Cloud conferences to check out in the first half of 2018

As cloud adoption grows, IT professionals with relevant experience are in high demand. Cloud conferences and events are the perfect place to build your skill sets, meet industry leaders and expand your business network. Whether you’re just starting out in cloud, or are a seasoned pro, there’s an opportunity to learn new technologies, gain more experience and add certifications to your resume.

Here are a few cloud conferences and events, all in the first half of 2018, for IT pros to consider.

Think 2018

March 19 – 22
Las Vegas

At IBM’s Think event, IT pros can meet experts and attend sessions on cloud topics ranging from hybrid cloud to DevOps and microservices. For those who want to gain some hands-on experience, Think Academy provides labs that cover various technologies, and offers over 300 certifications.

Microsoft Tech Summit

March 5 – 6
Washington D.C.

March 19 – 20
San Francisco

Microsoft’s free technical learning event is aimed at IT pros and developers who want to learn more about Azure and Microsoft 365. There are over 80 sessions — ranging from introductory to advanced — that cover current cloud trends and Azure tools. This year, the event will also dive into the details of Azure Government and Microsoft 365 for U.S. Government.

Cloud Foundry Summit

April 18 – 20

The Cloud Foundry Summit is for users and developers of all experience levels that want to expand their knowledge of the open source platform. Learn how to scale, manage and deploy applications at the hands-on training workshops. Join sessions that cover Cloud Foundry features and core updates. Beyond introductory information, some tracks focus on particular services, buildpacks and architectural components. Attendees can also take the Certified Developer Exam at the event.

Dell Technologies World

April 30 – May 3
Las Vegas

Dell’s technology conference offers three major tracks that cater to IT pros, administrators and architects, as well as over 400 sessions that cover topics including cloud, big data and security. Hands-on labs are available — both as self-paced and guided workshops – and attendees can pursue certifications for cloud architecture, systems administration, data science and other topics.

Interop ITX 2018

April 30 – May 4
Las Vegas

The 32nd Interop event offers seven tracks, including one dedicated to cloud that offers sessions on migration, management and integration. The five-day event includes Summits, which drill down into specific topics, like AI, as well as hands-on sessions, which are a new addition to the event. Two of these interactive sessions focus on Kubernetes and IoT/cognitive services.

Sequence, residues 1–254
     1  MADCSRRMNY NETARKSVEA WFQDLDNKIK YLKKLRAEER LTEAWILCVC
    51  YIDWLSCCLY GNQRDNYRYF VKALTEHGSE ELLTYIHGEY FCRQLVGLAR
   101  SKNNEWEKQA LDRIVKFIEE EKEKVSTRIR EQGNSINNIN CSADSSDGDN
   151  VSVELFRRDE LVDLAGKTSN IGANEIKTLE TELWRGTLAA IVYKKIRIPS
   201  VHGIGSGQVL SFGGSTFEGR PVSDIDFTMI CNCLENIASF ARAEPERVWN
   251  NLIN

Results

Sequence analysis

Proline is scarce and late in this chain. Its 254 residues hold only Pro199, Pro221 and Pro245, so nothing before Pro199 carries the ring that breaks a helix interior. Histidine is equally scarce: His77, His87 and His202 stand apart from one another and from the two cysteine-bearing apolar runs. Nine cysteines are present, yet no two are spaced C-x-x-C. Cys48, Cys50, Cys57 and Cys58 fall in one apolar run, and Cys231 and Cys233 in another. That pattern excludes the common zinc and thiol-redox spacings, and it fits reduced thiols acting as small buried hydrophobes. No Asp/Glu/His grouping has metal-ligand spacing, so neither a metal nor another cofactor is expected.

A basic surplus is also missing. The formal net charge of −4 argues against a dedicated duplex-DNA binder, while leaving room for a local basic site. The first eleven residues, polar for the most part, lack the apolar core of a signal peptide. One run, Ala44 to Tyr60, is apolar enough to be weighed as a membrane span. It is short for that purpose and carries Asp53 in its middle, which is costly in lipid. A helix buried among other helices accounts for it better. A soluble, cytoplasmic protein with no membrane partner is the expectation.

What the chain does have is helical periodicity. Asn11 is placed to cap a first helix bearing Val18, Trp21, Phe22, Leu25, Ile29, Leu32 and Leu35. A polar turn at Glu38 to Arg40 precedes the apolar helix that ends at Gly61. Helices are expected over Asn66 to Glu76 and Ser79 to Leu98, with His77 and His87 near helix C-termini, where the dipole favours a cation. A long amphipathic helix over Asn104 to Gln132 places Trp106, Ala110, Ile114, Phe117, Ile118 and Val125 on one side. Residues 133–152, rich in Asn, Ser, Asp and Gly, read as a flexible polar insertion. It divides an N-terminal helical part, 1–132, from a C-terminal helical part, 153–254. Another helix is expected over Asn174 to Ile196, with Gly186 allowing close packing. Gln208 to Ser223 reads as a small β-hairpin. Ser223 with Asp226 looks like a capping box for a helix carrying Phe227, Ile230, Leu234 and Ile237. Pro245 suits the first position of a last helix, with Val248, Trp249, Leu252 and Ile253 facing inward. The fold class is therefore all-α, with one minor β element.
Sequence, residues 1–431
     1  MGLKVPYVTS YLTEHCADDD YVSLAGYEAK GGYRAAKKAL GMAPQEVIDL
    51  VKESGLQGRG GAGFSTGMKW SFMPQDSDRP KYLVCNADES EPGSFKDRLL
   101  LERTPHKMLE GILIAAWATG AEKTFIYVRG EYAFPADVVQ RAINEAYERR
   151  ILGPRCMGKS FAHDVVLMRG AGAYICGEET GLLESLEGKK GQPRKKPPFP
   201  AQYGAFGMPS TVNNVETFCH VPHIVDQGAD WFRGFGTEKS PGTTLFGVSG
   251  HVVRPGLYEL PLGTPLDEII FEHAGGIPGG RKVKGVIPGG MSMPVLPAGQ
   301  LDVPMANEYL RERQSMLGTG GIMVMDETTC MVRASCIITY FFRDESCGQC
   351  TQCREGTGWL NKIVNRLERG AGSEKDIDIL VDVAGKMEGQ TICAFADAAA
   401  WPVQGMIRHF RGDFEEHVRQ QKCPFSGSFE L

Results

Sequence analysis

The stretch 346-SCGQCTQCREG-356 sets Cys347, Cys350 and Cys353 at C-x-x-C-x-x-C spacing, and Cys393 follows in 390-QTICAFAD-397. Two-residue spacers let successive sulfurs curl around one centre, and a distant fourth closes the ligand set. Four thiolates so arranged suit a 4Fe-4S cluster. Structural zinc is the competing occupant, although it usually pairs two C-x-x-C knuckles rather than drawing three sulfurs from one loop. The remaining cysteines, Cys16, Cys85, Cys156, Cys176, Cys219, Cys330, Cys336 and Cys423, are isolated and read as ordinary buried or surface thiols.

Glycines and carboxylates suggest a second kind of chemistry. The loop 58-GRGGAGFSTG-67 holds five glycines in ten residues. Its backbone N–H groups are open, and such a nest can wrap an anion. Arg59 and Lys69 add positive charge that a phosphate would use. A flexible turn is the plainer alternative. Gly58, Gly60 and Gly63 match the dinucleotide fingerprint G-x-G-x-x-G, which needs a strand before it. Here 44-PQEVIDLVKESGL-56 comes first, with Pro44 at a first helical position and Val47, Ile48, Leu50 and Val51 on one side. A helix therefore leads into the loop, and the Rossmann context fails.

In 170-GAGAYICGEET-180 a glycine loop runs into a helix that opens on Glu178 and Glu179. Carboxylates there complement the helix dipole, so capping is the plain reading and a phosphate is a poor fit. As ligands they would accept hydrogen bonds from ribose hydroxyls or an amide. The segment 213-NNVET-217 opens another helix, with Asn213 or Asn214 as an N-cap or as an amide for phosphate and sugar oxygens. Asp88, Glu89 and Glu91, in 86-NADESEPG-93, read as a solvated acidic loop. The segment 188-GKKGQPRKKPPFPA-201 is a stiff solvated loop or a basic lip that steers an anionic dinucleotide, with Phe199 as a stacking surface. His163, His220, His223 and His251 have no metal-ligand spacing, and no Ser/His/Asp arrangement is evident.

OpenStack Summit

May 21 – 24

In addition to OpenStack, this summit offers sessions and education on various open source technologies, including Kubernetes and Docker. Cloud admins, architects, developers and other IT pros can hone their skills for private, public and multi-cloud environments. Hands-on training and labs from the OpenStack Academy help IT pros prepare for the Certified OpenStack Administer Exam. Users and developers can also share their opinions on recent OpenStack releases, and brainstorm ideas for the future, at the event’s Forum.

Cloud Expo

June 5 – 7
New York City

The 22nd international Cloud Expo enables cloud professionals to network with colleagues and choose from hundreds of sessions to attend, including user panels and industry keynotes. The cloud event has eight tracks to follow that explore hot topics like hybrid and multi-cloud, machine learning, artificial intelligence and microservices.

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How likely can terrorists, nuclear attacks, or hackers take down the cloud?

For all you Chicken Littles out there: A cyber problem that shuts down a top US cloud computing provider for three to six days could trigger a loss to clients of between $5.3 billion and $19 billion in business losses, of which only $1.1 billion to $3.5 billion would be covered by insurance, said insurer Lloyd’s of London in a report. (A “cyber problem” could include hacking, lightning strikes, bombing of datacenters, and human errors making a public cloud service provider take a dirt nap.)

I don’t doubt those numbers. But if one or more major cloud providers are disabled for some reason, we’ll have more important problems than not being able to log into the inventory system. 

And the chances are slim, anyhow: The truth is that public clouds providers are pretty resilient. Although we’ve seen regional outages in the past, typically due to human error, taking down a public cloud provider through a cyberattack would be a bit like playing Whack-a-Mole with 800-pound moles. 

Public cloud providers have set up many redundant systems in their clouds. Although you could bring down a single datacenter, perhaps even a whole region, you won’t disrupt all the cloud datacenters and regions. Kill one, and the others take over. 

Of course, there could be a major event such as an atomic attack that could take out most or all of a cloud provider. However, even then I doubt that all public clouds capabilities would be offline. Keep in mind that TCP/IP was designed by the US Defense Dept. to route around missing pieces of the network due to nuclear attack. 

And, in the event of a nuclear attack, would you care about your cloud services all tha much?

For less-world-ending scenarios, one of the good things about cloud computing is that the cloud providers are not the sitting ducks that enterprise datacenters have been (and many still are). The cloud providers have a wide geographical distribution, and they are redundant. So, your cloud data is actually safer than your on-premises data. It’s a good thing cloud data redundancy is almost foolproof, because it looks like you won’t get much help from insurance. 

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